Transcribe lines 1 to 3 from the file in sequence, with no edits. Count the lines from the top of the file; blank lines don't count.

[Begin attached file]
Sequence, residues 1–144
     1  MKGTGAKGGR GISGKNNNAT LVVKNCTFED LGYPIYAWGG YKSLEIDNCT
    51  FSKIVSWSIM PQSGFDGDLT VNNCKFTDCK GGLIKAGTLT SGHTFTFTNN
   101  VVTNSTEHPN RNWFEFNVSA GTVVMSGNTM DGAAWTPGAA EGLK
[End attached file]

Sequence, residues 1–144
     1  MKGTGAKGGR GISGKNNNAT LVVKNCTFED LGYPIYAWGG YKSLEIDNCT
    51  FSKIVSWSIM PQSGFDGDLT VNNCKFTDCK GGLIKAGTLT SGHTFTFTNN